Beilue: For Vietnam War veterans, the wall can be a hard, but healing day

They come — buses of students from Boys Ranch and Hart and other schools, the curious, the patriotic, history buffs, friends and kin of one of those thousands of names along the replica of the wall. They all have their reasons.

 

But none come quite like the Vietnam War veteran, men now in their mid- and upper-60s, men like Neil Purcell.

“It’s kinda hard to describe,” Purcell said, “to come out here and see these names. To put faces with names really hurts. But what hurts is names you never knew.”

Purcell doesn’t seem to notice the 25-degree cold of a mid-Thursday morning. He stands silently alone a few feet away from the Wall That Heals, and slowly makes his way to another section and then another. He was 21, a Navy Seabee when he was in I Corps, the most northern part of South Vietnam during 1969 and 1970.

“It’s pretty tough,” he said. “It’s something you live with the rest of your life and not get over it. They say PTSD (post-traumatic stress disorder) goes away with time, but it doesn’t.”

The Wall That Heals, under the Vietnam Veterans Memorial Fund, is a half-sized replica of the Vietnam Veterans Memorial in Washington, D.C. The wall in Washington is 10 feet at its apex and 493 feet long that carries 58,318 names of those who died in the Vietnam War, which officially was from 1965-1973.

“It can be life-changing,” said Patrick O’Neill, site manager of the traveling wall for the last three years. “I’ve had family tell me their dad or husband is now talking and laughing for the first time. It’s like a traveling novel for me. There’s always something new.”

Amarillo College and Panhandle PBS, along with numerous community partners and volunteers, were able to secure the Wall That Heals for its 38th and final stop in 25 states for 2017. The wall is half the size with a 5-foot apex and is 225 feet long. The exhibit, along with a mobile education center, is at John Stiff Park at Bell Street and SW 48th Avenue through Sunday. It has made nearly 500 stops since 1996.

It is the culmination of a semester of examining the controversial war for AC and Panhandle PBS. Ken Burns and Lynn Novick’s seminal 10-part documentary on the war aired on KACV in September. The Common Reader this year for AC students is “The Things They Carried,” a collection of short stories on a platoon of soldiers on the ground in Vietnam. There is an exhibit at the Amarillo Museum of Art that speaks to the war.

“This project is all about our Vietnam veterans and a way to honor them,” said Cullen Lutz, community engagement coordinator for Panhandle PBS. “Not everyone can go to Washington to see the Memorial. We want this replica to be viewed by everyone, but we especially want it to be a healing experience for those who need to be healed.”

And on this Thursday, as she is most any day where the traveling wall sits, is “Little Sis.” She sits bundled up against the cold, and at a distance from the wall, enough room to give the veterans their space.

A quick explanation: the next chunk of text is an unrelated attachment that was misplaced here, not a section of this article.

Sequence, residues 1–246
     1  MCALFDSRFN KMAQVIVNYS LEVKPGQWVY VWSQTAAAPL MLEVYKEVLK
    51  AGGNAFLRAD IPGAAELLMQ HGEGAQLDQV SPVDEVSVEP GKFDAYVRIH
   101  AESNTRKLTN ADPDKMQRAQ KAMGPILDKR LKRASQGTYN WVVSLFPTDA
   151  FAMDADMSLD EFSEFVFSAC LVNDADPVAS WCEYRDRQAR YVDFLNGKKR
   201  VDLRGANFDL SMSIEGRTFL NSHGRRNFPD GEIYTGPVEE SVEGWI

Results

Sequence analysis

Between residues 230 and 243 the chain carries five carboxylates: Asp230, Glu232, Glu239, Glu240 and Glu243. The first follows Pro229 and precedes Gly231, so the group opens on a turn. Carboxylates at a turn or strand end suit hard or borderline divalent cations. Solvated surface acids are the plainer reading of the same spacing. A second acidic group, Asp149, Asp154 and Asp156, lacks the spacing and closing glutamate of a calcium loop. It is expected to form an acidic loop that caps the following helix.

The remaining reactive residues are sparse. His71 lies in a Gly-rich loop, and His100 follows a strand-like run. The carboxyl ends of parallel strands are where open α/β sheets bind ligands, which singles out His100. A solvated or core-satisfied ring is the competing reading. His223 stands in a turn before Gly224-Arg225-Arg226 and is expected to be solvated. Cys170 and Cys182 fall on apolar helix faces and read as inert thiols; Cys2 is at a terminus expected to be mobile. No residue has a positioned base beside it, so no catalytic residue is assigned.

Monica Harvey, her given name, is a bit of a veteran’s whisperer. She’s not looking for the macho loud veteran, but the one who might be struggling.

“I look for a lip that’s quivering, or someone wiping their glasses,” she said.

And then she invites them to sit down. She has given out more than 100,000 pins, the ones with a band-aid over a heart and attached to a card that says, “Welcome Home, Big Brother From Little Sis.” She will hand out writing pens, and a keychain that says, “Welcome Home.”

But Harvey has been doing this since 2004, at 125 stops for the wall in 30 states. She’s not a gift shop, but a counselor and a listening ear.

“Men will apologize for crying with me,” she said, “and I tell them for every tear you let out you stand taller, and for every tear I cry, I get thinner. So let’s keep it up.”

She’s gone from her Nebraska home each year between six and 14 times following the wall — and sits and waits. And she will invite the man consumed by guilt for the name on the wall who took his place that day, the platoon leader whose men died, but he didn’t, the medic who couldn’t save the wounded.

“Everybody has their own story of what they saw and did and who they lost,” she said. “For some who come to the wall, it’s one of the hardest days of their life.”

She sits with as many as 20 a day, talking about renewed purpose, giving them a “welcome home” they never got from such a poisoned time in our country’s history. She will pick up on some things they say, and try, in however minutes they have, to give them some hope.

Hopefully, for those who need it, this replica is the Wall that Heals. For others, it should be a reminder of brave and noble men, braver and more noble than the government who sent them to war.

Those 58,318 names, they were America’s best. And they were ours.

Jon Mark Beilue is an AGN Media columnist. He can be reached at jon.beilue@amarillo.com or 806-345-3318. Twitter: @jonmarkbeilue.

How to go

What: The Wall That Heals, a half-sized replica of the Vietnam Veterans Memorial in Washington, D.C.

Where: John S. Stiff Park, Southwest 48th Avenue and South Bell Street.

When: Open 24 hours a day with closing ceremonies beginning 1 p.m. Sunday.

How much: Free

Information: actx.edu

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